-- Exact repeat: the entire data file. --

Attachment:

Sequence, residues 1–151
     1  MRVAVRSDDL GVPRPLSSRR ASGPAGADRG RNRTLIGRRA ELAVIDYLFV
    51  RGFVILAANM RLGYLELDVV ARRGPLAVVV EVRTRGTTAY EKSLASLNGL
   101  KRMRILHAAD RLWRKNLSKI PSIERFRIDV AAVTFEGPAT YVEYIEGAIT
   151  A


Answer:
Sequence, residues 1–151
     1  MRVAVRSDDL GVPRPLSSRR ASGPAGADRG RNRTLIGRRA ELAVIDYLFV
    51  RGFVILAANM RLGYLELDVV ARRGPLAVVV EVRTRGTTAY EKSLASLNGL
   101  KRMRILHAAD RLWRKNLSKI PSIERFRIDV AAVTFEGPAT YVEYIEGAIT
   151  A